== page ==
Andrew Gould and Indigro are just one of several combinations who will be making their London International Horse Show (LIHS) debut next week, alongside other riders and horses who have become regulars at the show.
Andrew is a British grand prix rider who has been competing internationally for a number of years, but this will be his first time at LIHS. So who is the striking black stallion Indigro who is taking his rider to new heights?
Indigro is a nine-year-old by Negro, out of a Jazz mare, bred in the Netherlands by John Deenan. He was licensed as a KWPN stallion in 2016, scoring 81.5 in his performance test, and was competed by Kirsten Brouwer as a young horse. In 2019, he was bought by Rom Vermunt and Harld Bruinier and moved to the Glock Horse Performance Centre to be trained up the levels by Edward Gal, before being purchased by Tatiana Skillman in April 2022 for Andrew Gould to ride.
Andrew explains that he had spotted Indigro in a video posted online and although the stallion wasn’t for sale, he arranged to view him through connections of dealer Craig Rawlins. And it didn’t take long for him to recognise that the horse was something special.
“About five minutes into riding him I thought, ‘This is mega’,” says Andrew. “He was the best horse I’d ever ridden, by far.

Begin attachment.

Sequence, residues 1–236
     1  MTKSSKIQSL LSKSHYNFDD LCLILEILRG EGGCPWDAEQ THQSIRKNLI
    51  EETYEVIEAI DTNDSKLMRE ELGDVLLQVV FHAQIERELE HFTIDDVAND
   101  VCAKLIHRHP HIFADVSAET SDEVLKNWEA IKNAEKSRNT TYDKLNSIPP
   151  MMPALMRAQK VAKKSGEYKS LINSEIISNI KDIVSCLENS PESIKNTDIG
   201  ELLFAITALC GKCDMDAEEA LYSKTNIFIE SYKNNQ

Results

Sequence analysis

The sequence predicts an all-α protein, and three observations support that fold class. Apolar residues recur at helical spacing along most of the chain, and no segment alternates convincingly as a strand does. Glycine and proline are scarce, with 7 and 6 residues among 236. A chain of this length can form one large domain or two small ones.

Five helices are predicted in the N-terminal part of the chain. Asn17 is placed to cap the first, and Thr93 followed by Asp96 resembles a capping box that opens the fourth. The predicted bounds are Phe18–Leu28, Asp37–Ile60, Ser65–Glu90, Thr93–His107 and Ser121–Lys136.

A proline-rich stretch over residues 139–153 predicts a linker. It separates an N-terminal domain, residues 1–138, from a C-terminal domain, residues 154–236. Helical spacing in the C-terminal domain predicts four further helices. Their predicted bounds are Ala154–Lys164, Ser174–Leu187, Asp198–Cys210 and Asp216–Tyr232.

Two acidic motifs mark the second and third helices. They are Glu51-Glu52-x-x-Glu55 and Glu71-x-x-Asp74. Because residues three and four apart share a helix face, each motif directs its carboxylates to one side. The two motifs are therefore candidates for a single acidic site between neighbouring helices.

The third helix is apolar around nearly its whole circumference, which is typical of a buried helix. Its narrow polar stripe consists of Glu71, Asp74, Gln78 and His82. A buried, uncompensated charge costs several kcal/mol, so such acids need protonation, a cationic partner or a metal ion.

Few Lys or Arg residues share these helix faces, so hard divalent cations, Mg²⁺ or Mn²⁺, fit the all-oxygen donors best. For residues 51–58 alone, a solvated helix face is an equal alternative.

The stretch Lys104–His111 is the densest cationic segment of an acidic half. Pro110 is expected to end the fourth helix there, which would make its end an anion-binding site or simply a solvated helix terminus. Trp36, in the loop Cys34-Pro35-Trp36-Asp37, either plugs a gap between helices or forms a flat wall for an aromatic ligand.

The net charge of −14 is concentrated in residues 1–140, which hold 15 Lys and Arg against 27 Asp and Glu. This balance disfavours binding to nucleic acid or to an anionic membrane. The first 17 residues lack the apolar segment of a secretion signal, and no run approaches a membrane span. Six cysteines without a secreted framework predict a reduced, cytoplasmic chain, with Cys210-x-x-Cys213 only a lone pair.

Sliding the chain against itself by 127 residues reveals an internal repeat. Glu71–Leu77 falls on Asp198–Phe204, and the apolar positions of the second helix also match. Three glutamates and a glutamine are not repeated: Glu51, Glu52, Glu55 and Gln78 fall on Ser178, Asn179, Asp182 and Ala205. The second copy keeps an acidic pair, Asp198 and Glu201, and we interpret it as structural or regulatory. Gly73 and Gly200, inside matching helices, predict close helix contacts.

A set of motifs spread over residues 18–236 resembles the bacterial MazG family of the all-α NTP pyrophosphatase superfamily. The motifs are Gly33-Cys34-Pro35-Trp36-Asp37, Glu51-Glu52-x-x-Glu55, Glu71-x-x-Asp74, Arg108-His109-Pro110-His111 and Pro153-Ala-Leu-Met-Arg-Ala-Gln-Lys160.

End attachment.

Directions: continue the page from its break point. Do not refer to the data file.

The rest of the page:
“He was just so genuine,” he explains. “Even with someone who didn’t know him, and with my aids compared to Edward’s style of riding – I just had an easy ride.”
Despite only being together for a matter of months, Indigro and Andrew have already made quite the impact on the British circuit. They won the inter II at their first show together, Wellington Premier League in June, before proving unbeatable in the grand prix at Hartpury Premier League a month later with over 73%.
They finished as overall runners-up behind Gareth Hughes and Sintano Van Hof Olympia in the British national championship in September, having come third in the grand prix freestyle at the National Dressage championships with almost 78%.
Indigro and Andrew then made their international debut in October at Keysoe CDI, winning both the grand prix and freestyle.
“This first year was meant to be all about getting to know him and building a relationship with him, but it’s all gone much quicker than we expected,” says Andrew, who describes the stallion as “so sweet” in the stable and easy to take away and handle at shows.
He admits he doesn’t know how the stallion will cope with the atmosphere at LIHS, but hopes that the show’s new home of the London Excel Centre, with more room around the ring than at Olympia, will prove helpful.
“It’s always been a show I’ve wanted to ride at, but until this year it seemed an unrealistic dream,” he says.
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